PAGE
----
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The Great And The Awful

India at 2047 is unrecognisable compared to 2017. Many for the better, some for the worse

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15 August 2047. By the grace of the almighty, we have survived all manner of political crises and wars and remained independent for a century. Who would have thought of that on the night of 14 August 1947 when Jawaharlal Nehru spoke of our tryst with destiny while terrified Hindus and Muslims were being massacred as they fled from their familiar homes, villages and cities to seek safety elsewhere? But we have survived as a nation — doing spectacularly well in some areas, and terribly in others.


India’s corporations have scripted the big success story, be these large listed companies or mid-sized firms or even small businesses that dot the country. Our innate genius for doing dhanda, first unleashed by the economic reforms launched 56 years ago, has gone from strength to strength. Unfettered by dysfunctional labour and land laws, many in corporate India have reached global scales. Pharma, IT, telecom, logistics, banking, cars, two-wheelers, white goods, FMCG, digital entertainment — in each of these sectors we have two or more entities that are in the global list, topped only by the Chinese and US MNCs. The benefits of this entrepreneurship have flowed to consumers and millions of shareholders who have made India’s market cap the largest in Asia.


The second great achievement has been ‘lit up India’. Even 70 years after Independence, only 79 per cent of our population had access to electricity. Thirty years later, every household and factory actually enjoys 24x7 electric supply. People now want to pay for this, and state governments have stopped peddling electricity subsidies.


The third has been a comprehensive modernisation of our military. It wouldn’t have happened without repeated incursions of China in the north east. One fine day in 2020, neglect made way for determined modernisation to deal with threats from China and Pakistan. Aided by Israel’s technologies and small arms, and a well forged partnership with the US, India has up-to-date weaponry for the army, air force and even the navy.


Yet, there are great disappointments. Thirty years ago, India often touted its ‘demographic dividend’. It didn’t come, though the population certainly did. Unlike China’s, our population has kept on rising and is now 1.64 billion people, or 17 per cent of the world’s. For the last three decades, over 12 million people have reached the working age each year. Less than half get jobs, while the rest meander from villages to cities seeking occasional informal employment. Every city now teems with urban unemployed — a situation that often conflagrates into violence against the relatively well-to-do.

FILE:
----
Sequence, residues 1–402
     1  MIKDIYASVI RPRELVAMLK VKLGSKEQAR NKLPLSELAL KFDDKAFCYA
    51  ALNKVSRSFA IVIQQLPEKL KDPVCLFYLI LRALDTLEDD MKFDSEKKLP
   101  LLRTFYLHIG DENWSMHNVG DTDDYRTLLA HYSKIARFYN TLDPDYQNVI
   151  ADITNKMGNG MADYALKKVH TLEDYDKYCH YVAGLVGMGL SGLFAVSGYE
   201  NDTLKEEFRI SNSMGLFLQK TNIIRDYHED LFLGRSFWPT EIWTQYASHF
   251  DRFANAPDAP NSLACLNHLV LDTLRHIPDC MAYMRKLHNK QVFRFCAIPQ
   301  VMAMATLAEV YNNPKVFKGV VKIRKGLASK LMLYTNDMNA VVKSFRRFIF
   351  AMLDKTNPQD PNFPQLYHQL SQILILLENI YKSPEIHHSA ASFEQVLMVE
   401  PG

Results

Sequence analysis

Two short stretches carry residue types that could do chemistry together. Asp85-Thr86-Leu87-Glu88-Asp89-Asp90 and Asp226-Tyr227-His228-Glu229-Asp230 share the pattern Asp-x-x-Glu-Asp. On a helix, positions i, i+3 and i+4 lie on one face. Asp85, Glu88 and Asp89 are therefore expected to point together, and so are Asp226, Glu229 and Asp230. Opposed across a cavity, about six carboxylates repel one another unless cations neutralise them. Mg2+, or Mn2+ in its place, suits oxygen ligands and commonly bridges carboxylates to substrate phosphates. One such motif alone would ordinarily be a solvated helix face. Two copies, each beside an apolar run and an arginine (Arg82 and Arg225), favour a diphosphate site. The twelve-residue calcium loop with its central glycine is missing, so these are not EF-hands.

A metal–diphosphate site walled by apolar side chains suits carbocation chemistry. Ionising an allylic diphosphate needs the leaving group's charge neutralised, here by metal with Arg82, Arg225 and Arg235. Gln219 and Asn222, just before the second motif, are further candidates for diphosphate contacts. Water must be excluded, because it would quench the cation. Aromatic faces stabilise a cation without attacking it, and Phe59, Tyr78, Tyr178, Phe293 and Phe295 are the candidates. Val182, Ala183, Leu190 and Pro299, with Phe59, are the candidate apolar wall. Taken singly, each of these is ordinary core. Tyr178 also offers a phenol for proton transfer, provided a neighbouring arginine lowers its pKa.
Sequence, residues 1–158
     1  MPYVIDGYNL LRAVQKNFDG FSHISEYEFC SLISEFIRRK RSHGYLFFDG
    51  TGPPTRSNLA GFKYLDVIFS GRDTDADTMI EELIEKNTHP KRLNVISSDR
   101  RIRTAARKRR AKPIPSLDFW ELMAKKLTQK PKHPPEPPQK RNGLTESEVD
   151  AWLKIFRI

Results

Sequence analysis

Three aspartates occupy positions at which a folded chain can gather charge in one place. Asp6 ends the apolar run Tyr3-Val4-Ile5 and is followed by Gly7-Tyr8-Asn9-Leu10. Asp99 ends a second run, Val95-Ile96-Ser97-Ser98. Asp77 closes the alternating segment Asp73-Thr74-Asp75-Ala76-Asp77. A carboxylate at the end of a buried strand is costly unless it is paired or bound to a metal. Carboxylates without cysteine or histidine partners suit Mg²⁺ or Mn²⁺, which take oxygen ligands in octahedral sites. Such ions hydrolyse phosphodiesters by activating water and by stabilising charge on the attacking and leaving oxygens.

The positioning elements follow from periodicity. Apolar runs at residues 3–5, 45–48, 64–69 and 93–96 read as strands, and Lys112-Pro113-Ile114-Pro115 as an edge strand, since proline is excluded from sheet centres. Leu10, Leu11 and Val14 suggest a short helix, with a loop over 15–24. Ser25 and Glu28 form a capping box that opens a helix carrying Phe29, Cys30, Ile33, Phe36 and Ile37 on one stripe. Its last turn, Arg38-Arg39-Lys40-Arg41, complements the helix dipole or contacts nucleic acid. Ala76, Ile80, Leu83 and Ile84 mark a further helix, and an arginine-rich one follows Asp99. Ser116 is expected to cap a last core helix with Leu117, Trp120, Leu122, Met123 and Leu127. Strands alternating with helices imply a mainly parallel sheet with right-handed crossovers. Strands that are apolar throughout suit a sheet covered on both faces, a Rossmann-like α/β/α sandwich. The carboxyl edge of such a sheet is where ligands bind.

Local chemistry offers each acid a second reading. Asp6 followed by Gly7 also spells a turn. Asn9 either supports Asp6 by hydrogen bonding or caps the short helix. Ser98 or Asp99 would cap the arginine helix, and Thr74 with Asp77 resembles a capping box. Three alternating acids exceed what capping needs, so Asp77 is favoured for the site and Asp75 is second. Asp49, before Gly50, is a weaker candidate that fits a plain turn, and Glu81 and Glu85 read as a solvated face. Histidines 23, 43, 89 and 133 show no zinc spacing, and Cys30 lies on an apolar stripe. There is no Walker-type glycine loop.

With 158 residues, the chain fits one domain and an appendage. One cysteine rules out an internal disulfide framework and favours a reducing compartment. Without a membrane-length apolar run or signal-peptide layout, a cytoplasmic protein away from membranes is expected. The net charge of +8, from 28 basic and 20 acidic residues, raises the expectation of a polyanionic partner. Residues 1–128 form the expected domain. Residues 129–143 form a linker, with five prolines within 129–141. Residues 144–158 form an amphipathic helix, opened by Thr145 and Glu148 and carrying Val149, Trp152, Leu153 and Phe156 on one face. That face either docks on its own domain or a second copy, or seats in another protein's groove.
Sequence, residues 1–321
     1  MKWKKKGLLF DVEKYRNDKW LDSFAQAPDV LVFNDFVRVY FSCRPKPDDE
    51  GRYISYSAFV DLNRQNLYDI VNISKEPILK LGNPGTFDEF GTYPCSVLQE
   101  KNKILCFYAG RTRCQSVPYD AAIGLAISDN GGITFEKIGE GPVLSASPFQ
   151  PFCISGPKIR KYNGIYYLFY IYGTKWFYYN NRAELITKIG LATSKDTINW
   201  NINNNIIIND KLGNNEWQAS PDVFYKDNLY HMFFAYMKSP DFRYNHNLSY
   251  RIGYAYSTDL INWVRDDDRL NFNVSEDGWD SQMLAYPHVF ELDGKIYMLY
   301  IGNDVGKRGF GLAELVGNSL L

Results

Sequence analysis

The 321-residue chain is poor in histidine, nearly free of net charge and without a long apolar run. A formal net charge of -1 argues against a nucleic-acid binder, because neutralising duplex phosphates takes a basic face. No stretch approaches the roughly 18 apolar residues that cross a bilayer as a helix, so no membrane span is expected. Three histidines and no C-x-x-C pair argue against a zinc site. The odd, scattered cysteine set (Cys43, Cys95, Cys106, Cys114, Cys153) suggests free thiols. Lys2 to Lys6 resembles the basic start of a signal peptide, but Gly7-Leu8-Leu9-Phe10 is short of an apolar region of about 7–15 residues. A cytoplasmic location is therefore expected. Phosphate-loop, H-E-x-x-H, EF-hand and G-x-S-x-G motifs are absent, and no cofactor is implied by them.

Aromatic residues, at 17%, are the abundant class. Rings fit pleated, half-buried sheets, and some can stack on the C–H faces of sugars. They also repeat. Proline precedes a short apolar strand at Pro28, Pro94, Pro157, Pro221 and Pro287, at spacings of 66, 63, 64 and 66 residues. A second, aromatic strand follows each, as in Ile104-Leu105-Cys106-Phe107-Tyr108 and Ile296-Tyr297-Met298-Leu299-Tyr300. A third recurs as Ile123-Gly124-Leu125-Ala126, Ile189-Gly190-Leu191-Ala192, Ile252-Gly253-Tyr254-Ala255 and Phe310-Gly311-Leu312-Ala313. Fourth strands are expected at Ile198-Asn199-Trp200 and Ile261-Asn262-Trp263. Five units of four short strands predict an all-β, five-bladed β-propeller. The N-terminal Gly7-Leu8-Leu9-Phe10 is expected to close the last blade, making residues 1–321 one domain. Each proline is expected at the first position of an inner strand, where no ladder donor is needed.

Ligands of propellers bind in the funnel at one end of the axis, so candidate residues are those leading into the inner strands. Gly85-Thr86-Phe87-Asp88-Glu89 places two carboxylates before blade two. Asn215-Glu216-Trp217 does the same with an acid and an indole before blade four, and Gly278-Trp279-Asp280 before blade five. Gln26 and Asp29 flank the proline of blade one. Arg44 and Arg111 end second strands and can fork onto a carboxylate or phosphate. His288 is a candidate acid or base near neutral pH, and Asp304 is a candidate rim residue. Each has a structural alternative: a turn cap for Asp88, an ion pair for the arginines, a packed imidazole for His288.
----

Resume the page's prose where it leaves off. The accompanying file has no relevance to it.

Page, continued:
This glut of young unemployed is for two reasons. First, over the last three decades, IT and computer-controlled machinery have flourished like never before and dramatically reduced the need for additional jobs. Second, a 50-year story of the abject failure of education is showing up at its worst.


There are four other diseases. Air quality was awful in 2017. Thirty years later, it is worse. Barring eastern India, water shortages have reached disastrous proportions, and there have been water riots in the big cities. While healthcare has improved for those who can afford it, it remains terrible throughout most of the country. And while everyone has got better off, inequalities have worsened between the rich and the poor, urban versus rural and the east and centre of India versus the north, west and south.


India at 2047 is unrecognisable compared to 2017. Many for the better. And, sadly, some for the worse.

Disclaimer: The views expressed in the article above are those of the authors' and do not necessarily represent or reflect the views of this publishing house. Unless otherwise noted, the author is writing in his/her personal capacity. They are not intended and should not be thought to represent official ideas, attitudes, or policies of any agency or institution.


Omkar Goswami

The author is an economist and the chairman of CERG Advisory

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